Have you ever noticed that the farther away you are from your router, the worse your connection gets? This happens because WiFi signals slowly weaken and dissipate as they travel farther from the source (your router). On top of this, other physical barriers like furniture and walls can work negatively against the overall performance of your internet. Large homes frequently have this problem.

Quick Fix: Invest in a WiFi booster

It’s unrealistic to expect you to purchase all new furniture or knock down walls to improve your slow internet. A more reasonable solution would be to invest in a WiFi extender or Mesh WiFi system to help boost your WiFi signal throughout your home. These devices are easy to set up and range in price from a few to a couple of hundred dollars.

9. Your ISP is Throttling Your Speeds

While rare, your slow internet could be due to ISP throttling. This is when a provider intentionally slows down a customer’s internet speeds to either regulate network congestion or stop illegal search activity. It’s not a great user experience, which is why many providers have stopped throttling speeds or at the very least offer unlimited data options to sidestep this. If you already have unlimited data, another way to avoid ISP throttling is using a virtual private network (VPN).

Quick Fix: Use a VPN

An ISP chooses who to slow down based on a user’s IP address. This is a digital identifier that connects a user to their online activity. Using a VPN will reroute all of your data through their secure servers, so your actual IP is hidden from your service provider. It’s the easiest way to avoid ISP throttling and costs less than a cup of coffee a month for most subscriptions.

10. You’re Paying for a Slow Internet Plan

If none of the solutions above did the trick, it may be time to upgrade your internet plan to include faster speeds. A common cause for slow internet is people not having enough bandwidth to keep up with their digital needs. Different internet activities require different amounts of bandwidth, and no matter what you do, there’s always a limit to what you pay for.

Quick Fix: Upgrade your internet plan

We all go through different seasons in our lives that require more or less internet. If your current service isn’t cutting it for you, consider upgrading your plan. Start by testing your internet speed to get an idea of what’s not working. Then, factor in things like how many people live in your home, how many devices you typically have connected, and what types of internet activities you regularly use (from streaming to mobile gaming apps). This will help determine the best internet speed for you to sign up for next.

11. Limits with Bandwidth Caps

Some Internet Service Providers (ISPs) set limits on the amount of data you can use each month. Going over these limits can significantly slow down your internet speeds, or you might face extra charges. This limitation is especially problematic for users who consume a lot of data by streaming HD videos or downloading large files.

Quick Fix: Monitor your data usage

Regularly monitor your data usage to avoid exceeding your plan’s limits. Consider switching to a plan with higher data caps or unlimited data, particularly if you frequently hit or exceed your monthly allowance.

12. You Have Outdated or Damaged Cables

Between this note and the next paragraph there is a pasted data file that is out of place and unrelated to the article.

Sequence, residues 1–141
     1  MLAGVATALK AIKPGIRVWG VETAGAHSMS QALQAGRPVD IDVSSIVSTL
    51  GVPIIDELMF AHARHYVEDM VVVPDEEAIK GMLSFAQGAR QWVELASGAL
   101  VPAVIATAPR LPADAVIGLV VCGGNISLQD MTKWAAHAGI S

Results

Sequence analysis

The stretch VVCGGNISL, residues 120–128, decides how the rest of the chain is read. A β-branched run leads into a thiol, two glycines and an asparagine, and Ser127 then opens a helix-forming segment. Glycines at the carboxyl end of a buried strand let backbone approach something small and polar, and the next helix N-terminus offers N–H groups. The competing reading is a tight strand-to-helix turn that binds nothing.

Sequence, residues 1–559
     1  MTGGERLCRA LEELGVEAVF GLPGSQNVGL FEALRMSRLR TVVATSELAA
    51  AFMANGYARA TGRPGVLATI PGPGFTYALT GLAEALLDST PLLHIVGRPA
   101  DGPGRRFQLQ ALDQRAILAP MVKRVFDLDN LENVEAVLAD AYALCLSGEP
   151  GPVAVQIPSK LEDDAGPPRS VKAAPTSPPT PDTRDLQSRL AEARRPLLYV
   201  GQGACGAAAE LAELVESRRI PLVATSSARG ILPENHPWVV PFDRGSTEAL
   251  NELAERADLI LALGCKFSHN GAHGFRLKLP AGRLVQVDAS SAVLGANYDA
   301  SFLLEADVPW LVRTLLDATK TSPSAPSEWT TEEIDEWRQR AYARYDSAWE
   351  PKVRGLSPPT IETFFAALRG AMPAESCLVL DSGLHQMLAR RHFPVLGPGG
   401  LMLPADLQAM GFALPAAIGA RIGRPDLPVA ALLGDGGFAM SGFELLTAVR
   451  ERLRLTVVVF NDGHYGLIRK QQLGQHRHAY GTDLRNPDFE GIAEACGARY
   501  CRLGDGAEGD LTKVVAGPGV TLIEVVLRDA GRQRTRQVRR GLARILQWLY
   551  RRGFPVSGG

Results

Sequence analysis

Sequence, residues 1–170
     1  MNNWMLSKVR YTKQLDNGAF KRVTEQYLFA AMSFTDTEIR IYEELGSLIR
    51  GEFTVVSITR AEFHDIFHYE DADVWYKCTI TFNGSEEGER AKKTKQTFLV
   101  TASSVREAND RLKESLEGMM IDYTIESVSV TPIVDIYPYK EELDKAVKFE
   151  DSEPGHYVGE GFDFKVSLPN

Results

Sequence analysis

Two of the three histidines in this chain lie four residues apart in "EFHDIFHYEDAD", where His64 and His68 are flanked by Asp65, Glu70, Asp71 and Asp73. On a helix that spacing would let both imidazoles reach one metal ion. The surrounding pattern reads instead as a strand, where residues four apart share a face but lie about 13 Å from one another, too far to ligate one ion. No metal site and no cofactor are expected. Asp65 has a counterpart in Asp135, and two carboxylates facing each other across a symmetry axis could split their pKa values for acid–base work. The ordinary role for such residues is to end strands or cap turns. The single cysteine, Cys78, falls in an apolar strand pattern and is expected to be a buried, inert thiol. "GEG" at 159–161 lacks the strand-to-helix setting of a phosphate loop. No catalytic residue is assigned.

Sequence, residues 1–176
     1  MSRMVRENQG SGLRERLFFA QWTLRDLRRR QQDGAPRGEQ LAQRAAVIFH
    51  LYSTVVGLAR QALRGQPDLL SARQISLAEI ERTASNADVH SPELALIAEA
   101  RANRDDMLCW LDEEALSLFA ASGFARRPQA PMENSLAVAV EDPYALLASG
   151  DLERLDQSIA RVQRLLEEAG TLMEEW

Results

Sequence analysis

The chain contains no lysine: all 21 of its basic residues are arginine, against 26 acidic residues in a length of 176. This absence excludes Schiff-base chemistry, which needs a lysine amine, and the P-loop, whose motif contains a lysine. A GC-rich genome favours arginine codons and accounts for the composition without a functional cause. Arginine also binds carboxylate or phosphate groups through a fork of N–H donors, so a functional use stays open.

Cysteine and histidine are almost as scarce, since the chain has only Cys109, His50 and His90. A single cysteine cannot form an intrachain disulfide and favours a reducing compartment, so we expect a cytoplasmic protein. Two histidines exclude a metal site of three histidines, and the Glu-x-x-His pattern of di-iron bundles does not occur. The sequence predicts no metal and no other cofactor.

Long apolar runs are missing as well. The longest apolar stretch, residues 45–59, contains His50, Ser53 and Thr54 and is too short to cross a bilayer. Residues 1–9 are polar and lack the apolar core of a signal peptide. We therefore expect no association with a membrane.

Over time, the physical cables connecting your home to your ISP, such as coaxial cables for cable internet or fiber-optic cables for fiber connections, can wear out or suffer damage. This can result in inconsistent internet speeds and frequent disconnections.

Quick Fix: Regularly inspect your cables

Regularly inspect your cables for signs of wear or damage and replace them if necessary. If you’re unsure, contact your ISP for a professional assessment and potential replacement of your external connectivity infrastructure.

13. Interference from Neighboring Networks

In densely populated areas, such as apartment complexes, your WiFi might experience interference from networks nearby. This is often due to overlapping WiFi channels, leading to signal disruption and slower internet performance.

Quick Fix: Analyze your WiFi

Use a WiFi analyzer tool to find the least crowded channel and switch your router to it. Also, consider a router that supports dual-band frequencies to utilize the less congested 5GHz band.

14. You’re Running Background Applications

Applications running in the background, like automatic updates, cloud syncing services, or even malware, can use up a significant portion of your bandwidth, slowing down the internet for other uses.

Quick Fix: Check for unnecessary background applications

Check and close unnecessary background applications. Schedule heavy bandwidth activities like updates for off-peak hours and ensure your system is protected against malware with reliable security software.

15. Use During Peak Hours

Internet speed can vary significantly throughout the day, with speeds typically slowing during peak usage times. These times can depend on your location and the specific infrastructure of your ISP.

Quick Fix: Use off-peak hours

Plan your high-bandwidth activities, such as downloading large files or streaming in high definition, during off-peak hours when fewer people are online.

Optimize Your Internet Experience: Beyond Troubleshooting 

As we navigate through our digital lives, armed with the knowledge of how to address slow internet speeds, it’s also important to maintain a dialogue with our ISPs about improving infrastructure and technology. This ensures faster, more reliable, and secure internet for everyone.

While this guide offers valuable solutions, it’s important to consider your needs when choosing an ISP. Here’s a quick breakdown:

  • For value and basic needs: Centurylink internet offers reliable DSL plans perfect for browsing and email.
  • For top speed and reliability: Earthlink internet is a strong choice for fiber internet thanks to its high-performance network.
  • For remote locations: Starlink internet provides a reliable satellite internet option with advanced technology.
  • For a balance of speed, affordability, and everyday use: Consider Xfinity internet for their cost-effective cable internet plans.

By staying informed and considering your needs, you can choose the best internet option for a smooth, fast, and efficient online experience.